Castles Built On Grit.

“Grit” had become a highly prized educational attribute since its conceptualisation by Angela Duckworth, Professor of psychology at the University of Pennsylvania. Grit According to Duckworth, Grit represents perseverance and passion for long term goals as well as the ability to maintain effort over years, despite failure, adversity and plateaus in progress. We’ve heard educationalists and politicians go on about grit and other ‘character attributes’ for awhile now; Nicky Morgan, the Education Secretary, announced last year that £500,000 will be allotted to projects that would bring rugby coaches into school to teach ‘grit and respect’ as part of the drive to develop character education in schools. Other similar schemes have been proposed.

But it seems grit might have a problem. It might even be that ‘grit’ isn’t even a unique construct and, even if it is, it probably has a minimum impact on educational outcomes.

The story so far…

Grit, it is claimed, correlates positively with conscientiousness (one of the big 5 personality traits) but not with IQ, so intelligent people won’t necessarily be gritty people. In fact, Duckworth believes that achievement arises from a combination of talent and sustained focus and application of talent over time. The gritty individual doesn’t think of short-term gains – they’re in it for the long haul; achievement to the gritty ones is a marathon not a sprint. Additionally, talented people have a tendency to set themselves goals and once they reach that goal they stop. If a person is talented and displays high level of grit, they propel themselves beyond an arbitrary threshold.

One of Duckworth’s earliest investigations into grit involved the study of a group of cadets at the elite West Point Military Academy in the United States (Duckworth et al., 2007). Around twenty-five percent of all officers in the US army are graduates of West Point. So arduous is the training, that around one in twenty cadets will drop out during the summer of training that takes place before the first academic year. Admission to West Point is based on a ‘Whole Candidate Score’ comprising SAT scores, class rank, demonstrated leadership ability and physical aptitude. The researchers were interested in how levels of grit were predictive of who would drop out of training before the end of the summer. To this end, they administered a short grit questionnaire in addition to the usual West Point psychological tests. They found that grit was a greater predictor of who dropped out than the Whole Candidate Score, supporting the view that grit was able to predict success due to consistent and sustained perseverance. In a later study involving participants in a ‘spelling bee’ competition, Duckworth found that grit enabled spellers to persist with practice activities that were less intrinsically rewarding but more effective than other types of preparation (Duckworth et al., 2011).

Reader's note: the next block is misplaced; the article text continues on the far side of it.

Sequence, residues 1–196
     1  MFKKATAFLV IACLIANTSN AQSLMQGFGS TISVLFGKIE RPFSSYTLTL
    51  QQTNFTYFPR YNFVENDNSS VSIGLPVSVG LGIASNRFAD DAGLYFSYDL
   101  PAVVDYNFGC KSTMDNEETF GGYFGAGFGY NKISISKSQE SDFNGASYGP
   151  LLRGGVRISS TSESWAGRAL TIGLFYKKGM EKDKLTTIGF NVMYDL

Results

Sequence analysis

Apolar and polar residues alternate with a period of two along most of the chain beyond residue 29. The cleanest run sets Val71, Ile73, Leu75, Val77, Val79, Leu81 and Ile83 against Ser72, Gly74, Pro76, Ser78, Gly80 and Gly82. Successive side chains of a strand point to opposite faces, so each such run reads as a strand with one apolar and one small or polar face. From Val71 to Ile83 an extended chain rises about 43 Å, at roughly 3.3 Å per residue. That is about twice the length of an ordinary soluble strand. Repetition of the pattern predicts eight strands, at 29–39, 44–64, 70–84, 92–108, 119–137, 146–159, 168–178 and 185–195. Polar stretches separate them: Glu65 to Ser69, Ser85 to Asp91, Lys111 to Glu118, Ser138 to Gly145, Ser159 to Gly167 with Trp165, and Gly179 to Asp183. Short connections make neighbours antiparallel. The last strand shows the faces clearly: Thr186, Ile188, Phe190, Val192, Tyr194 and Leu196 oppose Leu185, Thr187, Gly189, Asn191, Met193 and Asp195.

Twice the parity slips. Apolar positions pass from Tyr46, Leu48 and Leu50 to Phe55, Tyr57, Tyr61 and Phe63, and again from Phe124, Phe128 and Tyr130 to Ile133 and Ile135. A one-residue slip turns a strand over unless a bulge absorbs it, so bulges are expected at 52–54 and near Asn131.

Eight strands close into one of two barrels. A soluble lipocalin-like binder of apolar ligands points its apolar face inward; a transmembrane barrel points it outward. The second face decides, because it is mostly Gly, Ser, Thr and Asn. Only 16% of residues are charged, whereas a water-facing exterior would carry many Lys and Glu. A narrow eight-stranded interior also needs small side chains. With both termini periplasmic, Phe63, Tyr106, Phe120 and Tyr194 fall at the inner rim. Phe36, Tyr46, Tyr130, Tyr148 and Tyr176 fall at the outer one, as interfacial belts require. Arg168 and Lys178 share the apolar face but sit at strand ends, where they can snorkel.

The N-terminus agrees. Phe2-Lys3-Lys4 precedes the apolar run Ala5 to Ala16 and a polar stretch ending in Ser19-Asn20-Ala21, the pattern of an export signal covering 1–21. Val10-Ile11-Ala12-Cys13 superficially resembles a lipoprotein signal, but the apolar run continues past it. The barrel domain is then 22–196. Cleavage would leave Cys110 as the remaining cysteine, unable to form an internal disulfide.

So far, so good.

However, the problem with much of the research conducted by Duckworth is that it involves highly specialised samples. West Point cadets are all high achievers in many different disciplines and spelling bee contestants are highly skilled at what they do for a reason – they work very hard at it. These participants don’t equate to a representative sample; what researchers really need to do is test grit on ordinary people in ordinary situations.

This is exactly what Kaili Rimfeld and colleagues from Kings College London did (Rimfeld et al., 2016). They recruited a sample of 4,500 16-year-old twins who were already part of the Twins Early Development Study, a longitudinal study run from Kings College that began in 1994. They asked the twins to complete a “Grit-S” questionnaire to measure consistency of interest. Researchers then administered the Big 5 Personality Questionnaire to assess personality traits. These scores were then compared to GCSE results.

Results found that grit alone only predicted 0.5% of the differences between GCSE results while other personality traits predicted around 6%. In terms of heritability (the extent to which genes contribute to differences between people) the level of contribution was similar to other personality traits (about one-third). It is also inconclusive as to whether ‘grit’ represents a distinct personality trait or is simply ‘conscientiousness’ with a trendy new label and the promise of lucrative research grants.

Grit, therefore, appears to have little impact on academic achievement – in this study at least – and that’s an important point as I expect others will want to conduct studies with similar samples.

It would seem, once again, that those in charge of educational policy have jumped the gun and have implemented changes founded upon insufficient evidence. With the rollout of character education programs with little evidence to support favourable outcomes, we are again seeing vital funds being wasted on unproven schemes. Given time, we should have a greater understanding of concepts and outcome measures, but for now there is very little about this field that we can really know for sure.     


Duckworth,  A. L., Kirby, T. A., Tsukayama, E., Berstein, H. & Ericsson, K. A. (2011). Deliberate Practice Spells Success: Why Grittier Competitors Triumph at the National Spelling Bee. Social Psychological and Personality Science. 2 (2). p.pp. 174–181.

Duckworth, A.L., Peterson, C., Matthews, M.D. & Kelly, D.R. (2007). Grit: perseverance and passion for long-term goals. Journal of personality and social psychology. [Online]. 92 (6). p.pp. 1087–101. Available from: [Accessed: 20 February 2014].

Rimfeld, K., Kovas, Y., Dale, P. S. & Plomin, R. (2016) True Grit and Genetics: Predicting Academic Achievement From Personality Journal of Personality and Social Psychology

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